In addition, the amount recovered from the charge will phase down over time as what the FCC describes as “eligible revenue” declines. The rules essentially will reduce the eligible revenues by 10 percent a year for the price cap carriers that serve most customers. Rate of return carriers will have their eligible revenues reduced by five percent per year.

The FCC also will devote some Connect America Fund support to offsetting revenues lost as a result of intercarrier compensation reform. Carriers that receive this funding will be required to use it to support both voice and broadband service. This support will phase out starting in the sixth year of the transition.

Voice over IP Traffic

The order will, for the first time, explicitly apply intercarrier compensation rules to voice over IP traffic. Under the rules, the default charge for toll traffic exchanged between a voice over IP provider and a public switched telephone network provider will be the interstate access rate.

The default charge for local traffic exchanged with a voice over IP provider will be the reciprocal compensation rate. The executive summary emphasized that these rules cover “prospective payment obligations” and that the intent of the rules was to place voice over IP providers “on equal footing in their ability to obtain compensation for this traffic.” In response to a question at the post‐meeting press conference, the staff indicated that the intent of the rule is to be “technologically neutral” and to ensure payment to voice over IP providers because “they are providing the services” used by long distance carriers. Chairman Genachowski said “that as long as there is intercarrier compensation” the FCC wanted to “clear[] up some of the confusion about whether VoIP calls should get compensated.”

Competitive Carriers

With the exception of voice over IP providers, there was little discussion today of how the new intercarrier compensation rules will apply to competitive carriers. All of the explanations of the transition framework and the Access Recovery Charge, for instance, refer only to incumbent local carriers.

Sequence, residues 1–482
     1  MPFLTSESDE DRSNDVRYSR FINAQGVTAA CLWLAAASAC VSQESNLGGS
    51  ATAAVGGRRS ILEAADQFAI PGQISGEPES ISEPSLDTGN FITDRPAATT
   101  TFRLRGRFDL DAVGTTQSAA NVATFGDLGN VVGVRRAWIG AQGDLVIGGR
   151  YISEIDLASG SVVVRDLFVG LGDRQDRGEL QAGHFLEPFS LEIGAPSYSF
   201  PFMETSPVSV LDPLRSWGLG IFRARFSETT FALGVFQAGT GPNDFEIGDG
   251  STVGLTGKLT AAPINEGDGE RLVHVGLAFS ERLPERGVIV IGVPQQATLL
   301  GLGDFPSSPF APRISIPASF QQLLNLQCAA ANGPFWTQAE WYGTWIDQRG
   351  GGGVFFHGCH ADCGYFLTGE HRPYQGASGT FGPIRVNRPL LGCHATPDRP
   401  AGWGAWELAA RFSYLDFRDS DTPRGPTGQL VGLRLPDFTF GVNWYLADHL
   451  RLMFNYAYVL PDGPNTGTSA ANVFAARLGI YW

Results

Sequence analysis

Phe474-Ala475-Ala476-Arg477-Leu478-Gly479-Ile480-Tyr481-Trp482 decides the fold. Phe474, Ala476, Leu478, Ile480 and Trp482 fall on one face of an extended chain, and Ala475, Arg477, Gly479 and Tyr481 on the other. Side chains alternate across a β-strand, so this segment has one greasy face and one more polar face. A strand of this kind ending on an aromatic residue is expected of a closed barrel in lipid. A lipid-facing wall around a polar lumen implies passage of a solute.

It is likely, however, that this omission means that competitive carriers will be subject to the same transition rules as incumbent carriers, and that they also will be able to impose an Access Recovery Charge or some equivalent charge. Under current rules, competitive carrier interstate access rates are capped at the levels charged by the local incumbent carrier, and there was no indication that this would change. Similarly, competitive carriers are permitted to impose a subscriber line charge or its equivalent today, and the same logic could be applied to the Access Recovery Charge.

Wireless Compensation

The order takes steps to clarify how the intercarrier compensation rules apply to wireless traffic. The new rules will address compensation for local traffic, compensation for other traffic and when a call is treated as coming from a wireless provider.

First, the rules adopt a default bill and keep rate for all local calls exchanged with wireless providers. There will be a special transition period for rate of return carriers to permit them to adapt to this change. The FCC noted that any call to or from a wireless customer that originates and terminates in the same Major Trading Area is treated as local under its rules.

Second, the order will clarify the relationship between the intercarrier compensation rules and the FCC’s existing wireless compensation rules, which essentially require negotiation of rates. The FCC’s intent is to allow carriers to avoid disputes.

Finally, the order clarifies that a call will be treated as originating from a wireless provider only if the person making the call is using a wireless device. Calls that originate on landline phones and are routed through wireless carriers are to be treated as landline calls.


The order also addresses two specific abuses of the intercarrier compensation system: access stimulation, or traffic pumping, and phantom traffic.

The FCC’s approach to traffic pumping is to create special, lower access rates for carriers engaged in that practice. Carriers will be required to file tariffs at the lower rates if they enter into any agreement to share access revenues with a customer; if they have a 3:1 or higher ratio of incoming to outgoing access traffic in any month; or if they have more than 100 percent growth in access traffic in a month, as compared to the same month in the previous year. The FCC has not indicated what the lower rate will be, but it likely will be low enough to make traffic pumping unattractive at the interstate level.

The rules addressing phantom traffic are less likely to be effective. Phantom traffic has been described as traffic that is made to appear as if it comes from a different location than where it actually originates as a way to avoid paying access charges. The new rules will require all carriers to include accurate information on the originating telephone number in all call signaling and to pass that information along with the call.